By all accounts, though, Orr has barely begun on the work he must complete if he is to succeed during an expected term of 18 months on the job. He will have to negotiate concessions with the city's 48 unions and decide how extensively to cut services or city payroll. He also must negotiate with bondholders who are uneasy over Detroit's fiscal instability.
Union leaders described meetings with Orr as cordial but no-nonsense. Orr has made clear his intent to impose new labor contracts. "We had a nice conversation, but that's not going to get us a negotiated contract," said Dan McNamara, president of the Detroit Fire Fighters Association.
Still, labor unions will have limited options. The state law does not require Orr to negotiate with unions or even participate in arbitration proceedings, and Orr has filed official notice that he may exercise those rights.
Labor costs will be a rich target, said Joseph Harris, former emergency financial manager for Benton Harbor in western Michigan. Harris has studied the cost of police, and firefighters in comparable cities - Milwaukee, Atlanta, Cleveland, St Louis and Pittsburgh - and found Detroit is more expensive in every key metric: cost per capita, cost per square mile and cost per police officer and firefighter.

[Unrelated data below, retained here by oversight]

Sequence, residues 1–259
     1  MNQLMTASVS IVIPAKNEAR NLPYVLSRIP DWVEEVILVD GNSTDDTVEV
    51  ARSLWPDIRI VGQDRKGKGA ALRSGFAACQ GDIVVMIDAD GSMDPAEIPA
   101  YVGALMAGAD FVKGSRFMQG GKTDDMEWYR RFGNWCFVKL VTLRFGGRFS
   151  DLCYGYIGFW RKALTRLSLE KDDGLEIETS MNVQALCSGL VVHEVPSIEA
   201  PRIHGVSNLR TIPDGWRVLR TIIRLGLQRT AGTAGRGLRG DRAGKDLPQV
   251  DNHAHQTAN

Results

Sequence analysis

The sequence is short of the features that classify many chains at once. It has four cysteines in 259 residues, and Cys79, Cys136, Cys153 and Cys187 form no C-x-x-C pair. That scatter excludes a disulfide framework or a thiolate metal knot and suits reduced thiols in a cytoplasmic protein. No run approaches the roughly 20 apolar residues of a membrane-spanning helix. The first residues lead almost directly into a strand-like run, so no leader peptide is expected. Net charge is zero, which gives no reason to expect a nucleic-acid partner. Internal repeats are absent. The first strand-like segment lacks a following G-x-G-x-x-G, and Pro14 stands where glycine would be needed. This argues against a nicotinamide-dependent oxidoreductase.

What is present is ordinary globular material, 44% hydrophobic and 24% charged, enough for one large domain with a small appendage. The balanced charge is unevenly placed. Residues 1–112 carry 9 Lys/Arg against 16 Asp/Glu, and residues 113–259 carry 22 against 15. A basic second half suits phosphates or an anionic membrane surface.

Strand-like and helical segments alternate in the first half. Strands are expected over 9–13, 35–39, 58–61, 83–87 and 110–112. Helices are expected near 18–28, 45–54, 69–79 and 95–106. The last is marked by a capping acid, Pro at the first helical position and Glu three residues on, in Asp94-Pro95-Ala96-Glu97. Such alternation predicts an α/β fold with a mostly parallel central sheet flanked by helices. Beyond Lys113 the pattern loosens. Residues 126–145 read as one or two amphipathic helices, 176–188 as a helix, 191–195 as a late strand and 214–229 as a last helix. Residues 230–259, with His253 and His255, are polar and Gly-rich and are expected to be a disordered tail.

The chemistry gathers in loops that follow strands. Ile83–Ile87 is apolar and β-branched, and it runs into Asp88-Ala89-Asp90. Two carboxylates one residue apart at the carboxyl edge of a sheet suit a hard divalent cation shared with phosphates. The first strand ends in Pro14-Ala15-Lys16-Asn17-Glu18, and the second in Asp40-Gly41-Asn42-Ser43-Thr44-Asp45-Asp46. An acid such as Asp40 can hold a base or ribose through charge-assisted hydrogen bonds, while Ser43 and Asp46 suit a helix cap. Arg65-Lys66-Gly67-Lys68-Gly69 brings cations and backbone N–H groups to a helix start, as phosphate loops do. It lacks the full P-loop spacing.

"Even if Detroit was to spend the average of what its peers do, the city could save $200 million a year," he said.
Turnaround specialist O'Keefe said Orr has kept a surprisingly low profile, but that this may be necessary because talks with the city's unions are so sensitive.
"It is slow going with the unions because they are worried that if they make the first deal (with Orr) it's going to be the worst deal," O'Keefe said.
Orr also faces structural problems that must be addressed. Cutting city services in itself is not an effective long-term strategy, O'Keefe said. "The real issue is what to do about the long-term debt and legacy costs that are staggering," he said.
Nowling, Orr's spokesman, said the debt threatens Detroit's ability to deliver basic services. "If the city stopped providing services and did nothing but pay off its debt, it would take the city 15 to 20 years to eliminate the debt," Nowling said.
(Editing by David Greising, Frances Kerry and Sandra Maler)